Fort Worth has an extensive and varied restaurant scene, no doubt. But beyond the beloved steak, burger, and Tex-Mex joints, there are several unique destinations where you can sample cuisine that's off the traditional culinary path.

Flying Carpet Turkish Cafe

Greek food aficionados will enjoy Flying Carpet Turkish Café, Fort Worth's only genuine Turkish restaurant and carpet emporium. Greece was part of the Turkish Ottoman Empire for centuries, and the Turks also borrowed heavily from the recipe books of their Lebanese and Persian neighbors. The differences in flavors and spices are subtle, so the hummus and tabbouleh will taste similar to, if not exactly like, the food at your favorite Greek or Lebanese restaurant.


The Imam Bayildi ("The Imam fainted"), an impressive dish of eggplant stuffed with tomatoes and garlic and roasted in olive oil is tender and almost meaty. Don't skip the Turkish coffee -- order it orta shekerli (medium sweet) unless you're brave enough to go with the sadeh (unsweetened) -- which tastes, as legendary soul singer Al Green would say, "Strong as death, sweet as love." Although Turkish delight isn't on the menu, you'll find flaky baklava and a flan-like treat called kazandibi. And yes, you can really buy a carpet there.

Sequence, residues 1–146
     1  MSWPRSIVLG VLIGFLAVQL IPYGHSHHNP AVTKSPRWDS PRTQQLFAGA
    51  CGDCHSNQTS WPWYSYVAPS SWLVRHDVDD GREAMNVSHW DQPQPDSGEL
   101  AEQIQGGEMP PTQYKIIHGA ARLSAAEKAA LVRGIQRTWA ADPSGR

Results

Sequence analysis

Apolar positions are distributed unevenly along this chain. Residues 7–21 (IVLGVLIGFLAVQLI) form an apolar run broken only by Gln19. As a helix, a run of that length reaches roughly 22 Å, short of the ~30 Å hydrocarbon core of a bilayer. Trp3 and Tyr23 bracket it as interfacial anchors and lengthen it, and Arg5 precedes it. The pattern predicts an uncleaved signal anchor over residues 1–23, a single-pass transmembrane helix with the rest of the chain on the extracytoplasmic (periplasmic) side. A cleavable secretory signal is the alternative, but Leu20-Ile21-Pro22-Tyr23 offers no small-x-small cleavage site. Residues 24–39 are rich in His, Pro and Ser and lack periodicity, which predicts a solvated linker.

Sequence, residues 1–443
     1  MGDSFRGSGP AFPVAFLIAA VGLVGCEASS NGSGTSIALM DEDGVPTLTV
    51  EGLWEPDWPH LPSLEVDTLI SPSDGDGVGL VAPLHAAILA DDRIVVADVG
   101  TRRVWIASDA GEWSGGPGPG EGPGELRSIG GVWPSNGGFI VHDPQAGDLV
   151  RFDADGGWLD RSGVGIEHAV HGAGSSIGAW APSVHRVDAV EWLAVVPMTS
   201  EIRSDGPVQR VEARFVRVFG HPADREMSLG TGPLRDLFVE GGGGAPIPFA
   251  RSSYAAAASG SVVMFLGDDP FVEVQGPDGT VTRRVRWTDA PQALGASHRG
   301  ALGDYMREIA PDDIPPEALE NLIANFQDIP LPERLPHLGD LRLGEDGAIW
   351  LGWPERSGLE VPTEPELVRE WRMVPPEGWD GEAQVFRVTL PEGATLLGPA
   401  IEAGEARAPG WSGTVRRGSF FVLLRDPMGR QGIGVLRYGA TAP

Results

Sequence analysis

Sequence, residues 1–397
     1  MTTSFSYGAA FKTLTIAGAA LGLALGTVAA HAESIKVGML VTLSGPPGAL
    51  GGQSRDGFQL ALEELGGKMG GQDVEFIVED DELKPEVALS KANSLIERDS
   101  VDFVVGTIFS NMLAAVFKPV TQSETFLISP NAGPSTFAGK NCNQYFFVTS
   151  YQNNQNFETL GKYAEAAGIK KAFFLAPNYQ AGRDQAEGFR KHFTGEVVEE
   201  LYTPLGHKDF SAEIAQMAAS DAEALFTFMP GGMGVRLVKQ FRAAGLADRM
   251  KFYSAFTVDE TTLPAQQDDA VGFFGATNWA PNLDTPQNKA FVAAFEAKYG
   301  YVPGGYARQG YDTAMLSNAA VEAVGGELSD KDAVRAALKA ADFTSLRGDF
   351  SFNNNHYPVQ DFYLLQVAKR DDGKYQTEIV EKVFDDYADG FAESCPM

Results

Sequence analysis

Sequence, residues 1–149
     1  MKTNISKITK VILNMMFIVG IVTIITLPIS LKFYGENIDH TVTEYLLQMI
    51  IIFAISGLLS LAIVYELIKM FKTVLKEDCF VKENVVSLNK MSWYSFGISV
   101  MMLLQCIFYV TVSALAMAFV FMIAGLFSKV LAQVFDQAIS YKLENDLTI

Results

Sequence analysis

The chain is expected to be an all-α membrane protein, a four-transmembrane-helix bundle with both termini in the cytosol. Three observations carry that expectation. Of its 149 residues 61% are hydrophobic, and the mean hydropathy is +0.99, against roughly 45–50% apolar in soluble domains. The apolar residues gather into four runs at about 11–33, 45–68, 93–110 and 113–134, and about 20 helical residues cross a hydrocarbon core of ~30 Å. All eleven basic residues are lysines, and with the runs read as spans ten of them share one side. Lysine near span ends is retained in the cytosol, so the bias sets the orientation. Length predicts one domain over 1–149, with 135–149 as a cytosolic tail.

Samson's Market Bistro

There's no food truly comparable to Ethiopian cuisine. Samson's Market Bistro is the year-old restaurant owned by Samson Yousef and wife Jenber. The tiny bistro sits next to the 7-11 convenience store Yousef's owned for years. The dominant seasoning in Ethiopian cooking is berebere: a mix of peppers, onions, turmeric, garlic and ginger. The alchemy of the sauce changes the earthy taste of lentils in the miser wat and brightens up plain chickpeas in the shiro wat.


While vegetarians can eat well here, Samson's also offers beef, chicken and lamb dishes. Along with the fork-tender lamb, my favorite dish at Samson's is the tikil gomen -- al dente cabbage, potatoes and carrots in a glowing yellow turmeric-based sauce with a hint of garlic. It's all served up with injera bread, used as both a plate and a serving utensil (no forks -- you use the chunks of bread to dip in the sauce or roll up the food like a taco.) For a little extra cultural exchange, call and ask when the next traditional Ethiopian coffee ceremony happens.